3 out of 4 stars
Share This Review
In the illustrated children's book, How a Cow made Broccoli, young readers encounter a very sad cow who lives in a barn. You see, all the other animals around the cow, each have their own favorite vegetables. However, the cow has yet to find her very own favorite green vegetable. This is enough to bring the poor cow to tears. She cries so much that she soon creates a puddle of her own tears. It is at this point that the author, Gomathy S, brings a fairy cow mother into the story. This fairy cow mother is willing to grant the cow's wish to have her own favorite green vegetable, but only if the cow is able to successfully complete the task given to her by the fairy cow mother. Once the cow completes her mission, the fairy cow mother can do her magic that will produce the vegetable.
The cow understandably gets excited. However, this causes her to work too quickly, resulting in a job that is not quite up to par. The next day, the cow decides to take her time working. Although she does a good job, the cow fails to complete her task by evening. Now on her third chance, the cow thinks hard about how she can complete her task properly, while staying within the time frame given to her by the fairy cow mother. Will the cow's plan work this time? Will the fairy cow mother be satisfied and able to do her magic?
This book is geared towards children within the ages of 4 to 8 years, and also towards the grade levels of kindergarten through 2nd grade. Overall, I feel this book is indeed suitable for this target age group and reading level. I find the illustrations to be quite charming in their basic nature. Just seeing the tiny, flying cow makes me smile. The language used is appropriate for the target audience. However, younger readers will likely still benefit from being read aloud to by older siblings or caregivers. The older children within the target audience should be able to read this book with ease, and it may even be a bit too easy for some who are already reading chapter books.
The aspect I most enjoyed in my reading of this book, is the way the author is able to weave into the story line, age appropriate moral lessons. For example, the fairy cow mother does not simply grant the cow her wish. Rather, the cow must work hard to complete her given task before she is rewarded with her desired green vegetable. In addition to learning how to work hard to accomplish a goal, the cow must also learn and implement other important life lessons, such as patience. I also like the way the author includes color words throughout the book. This occurs naturally in the text when naming which vegetables are favorites of the other animals, such as an orange carrot. This could be helpful for younger readers who are either still learning their colors, or are learning to describe the physical appearances of different objects.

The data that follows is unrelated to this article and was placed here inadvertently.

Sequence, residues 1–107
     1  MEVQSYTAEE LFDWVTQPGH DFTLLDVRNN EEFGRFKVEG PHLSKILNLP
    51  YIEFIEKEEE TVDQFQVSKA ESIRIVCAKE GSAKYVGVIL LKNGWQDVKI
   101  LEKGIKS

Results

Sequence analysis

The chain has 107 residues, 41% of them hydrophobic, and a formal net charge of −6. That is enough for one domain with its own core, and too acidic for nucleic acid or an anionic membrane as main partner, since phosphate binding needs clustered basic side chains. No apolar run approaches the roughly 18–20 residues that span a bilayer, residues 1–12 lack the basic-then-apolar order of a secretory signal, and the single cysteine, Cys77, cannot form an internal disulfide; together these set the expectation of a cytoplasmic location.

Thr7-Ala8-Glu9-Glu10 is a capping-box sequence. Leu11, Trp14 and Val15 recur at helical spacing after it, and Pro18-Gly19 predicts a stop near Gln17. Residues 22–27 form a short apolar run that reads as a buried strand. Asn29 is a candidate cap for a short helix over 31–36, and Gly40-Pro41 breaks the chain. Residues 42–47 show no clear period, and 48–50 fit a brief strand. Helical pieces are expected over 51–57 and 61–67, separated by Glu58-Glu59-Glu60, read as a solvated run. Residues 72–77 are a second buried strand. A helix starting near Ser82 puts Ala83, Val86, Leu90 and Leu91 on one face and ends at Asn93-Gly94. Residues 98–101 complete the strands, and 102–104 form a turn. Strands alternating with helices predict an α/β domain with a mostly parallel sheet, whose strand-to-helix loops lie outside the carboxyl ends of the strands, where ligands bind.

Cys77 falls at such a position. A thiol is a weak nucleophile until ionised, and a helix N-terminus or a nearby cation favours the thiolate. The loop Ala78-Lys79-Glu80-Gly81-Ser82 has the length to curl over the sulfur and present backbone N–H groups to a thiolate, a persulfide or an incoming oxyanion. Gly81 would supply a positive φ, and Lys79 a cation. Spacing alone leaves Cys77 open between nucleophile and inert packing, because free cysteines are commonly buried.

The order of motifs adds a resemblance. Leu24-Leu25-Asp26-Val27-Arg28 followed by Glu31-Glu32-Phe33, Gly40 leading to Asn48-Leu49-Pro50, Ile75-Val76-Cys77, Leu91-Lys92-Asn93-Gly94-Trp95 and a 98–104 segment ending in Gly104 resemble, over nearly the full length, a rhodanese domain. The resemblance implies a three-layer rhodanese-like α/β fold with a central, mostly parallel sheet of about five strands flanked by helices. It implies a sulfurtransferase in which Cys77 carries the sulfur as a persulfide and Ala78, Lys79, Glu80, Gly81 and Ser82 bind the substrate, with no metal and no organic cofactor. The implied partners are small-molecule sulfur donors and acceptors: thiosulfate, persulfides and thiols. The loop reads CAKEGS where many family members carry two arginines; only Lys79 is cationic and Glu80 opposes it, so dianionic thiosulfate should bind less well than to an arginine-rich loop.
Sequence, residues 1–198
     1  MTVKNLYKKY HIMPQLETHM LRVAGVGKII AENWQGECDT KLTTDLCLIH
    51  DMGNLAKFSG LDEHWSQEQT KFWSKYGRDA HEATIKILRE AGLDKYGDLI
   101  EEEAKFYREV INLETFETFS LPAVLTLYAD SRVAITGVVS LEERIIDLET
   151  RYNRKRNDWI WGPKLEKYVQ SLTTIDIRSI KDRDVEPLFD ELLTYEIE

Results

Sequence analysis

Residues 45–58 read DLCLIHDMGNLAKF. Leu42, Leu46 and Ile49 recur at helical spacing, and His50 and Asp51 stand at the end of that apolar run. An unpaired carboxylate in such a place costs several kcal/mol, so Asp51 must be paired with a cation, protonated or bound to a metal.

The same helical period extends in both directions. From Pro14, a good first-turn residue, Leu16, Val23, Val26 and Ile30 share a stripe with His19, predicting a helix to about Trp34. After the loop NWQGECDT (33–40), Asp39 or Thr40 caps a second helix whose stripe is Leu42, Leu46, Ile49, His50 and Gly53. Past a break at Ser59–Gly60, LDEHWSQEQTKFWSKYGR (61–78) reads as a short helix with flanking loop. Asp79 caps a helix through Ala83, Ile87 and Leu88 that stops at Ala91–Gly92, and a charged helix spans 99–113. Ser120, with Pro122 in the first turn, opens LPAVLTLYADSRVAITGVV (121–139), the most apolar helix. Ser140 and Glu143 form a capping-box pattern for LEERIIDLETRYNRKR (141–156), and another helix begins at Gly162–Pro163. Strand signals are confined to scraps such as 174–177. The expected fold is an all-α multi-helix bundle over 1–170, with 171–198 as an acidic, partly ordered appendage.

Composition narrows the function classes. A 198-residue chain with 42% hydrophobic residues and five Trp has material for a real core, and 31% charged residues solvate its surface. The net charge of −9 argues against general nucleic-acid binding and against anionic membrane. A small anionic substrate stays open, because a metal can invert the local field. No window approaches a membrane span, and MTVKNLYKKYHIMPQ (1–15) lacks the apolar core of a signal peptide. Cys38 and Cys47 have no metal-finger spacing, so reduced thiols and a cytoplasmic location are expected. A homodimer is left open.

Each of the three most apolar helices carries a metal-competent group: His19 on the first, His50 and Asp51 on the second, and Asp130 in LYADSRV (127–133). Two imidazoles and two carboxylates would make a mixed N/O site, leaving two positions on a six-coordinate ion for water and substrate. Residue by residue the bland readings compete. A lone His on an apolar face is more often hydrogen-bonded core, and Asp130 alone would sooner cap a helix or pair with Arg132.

I recommend this fun little story for family or classroom reading time. It can be used as a gateway to open discussions about teamwork, perseverance, and even the importance of eating your vegetables. I give How a Cow made Broccoli the rating of 3 out of 4 stars. I did encounter a few errors while reading this book, but nothing that would keep me from recommending it to others. Adults who enjoy sharing with the children in their lives, stories that include lessons and morals, will benefit from adding this book to their toolbox. In addition, children who enjoy stories featuring animals and positive, friendly endings will likely find this book appealing and want to add it their bookshelves. I do happily suggest grabbing a copy of this book and enjoying some quality time with your child or children, or reading the story during circle time with your students.
How a Cow made Broccoli
View: on Bookshelves | on Amazon
Like Christina Rose's review? Post a comment saying so!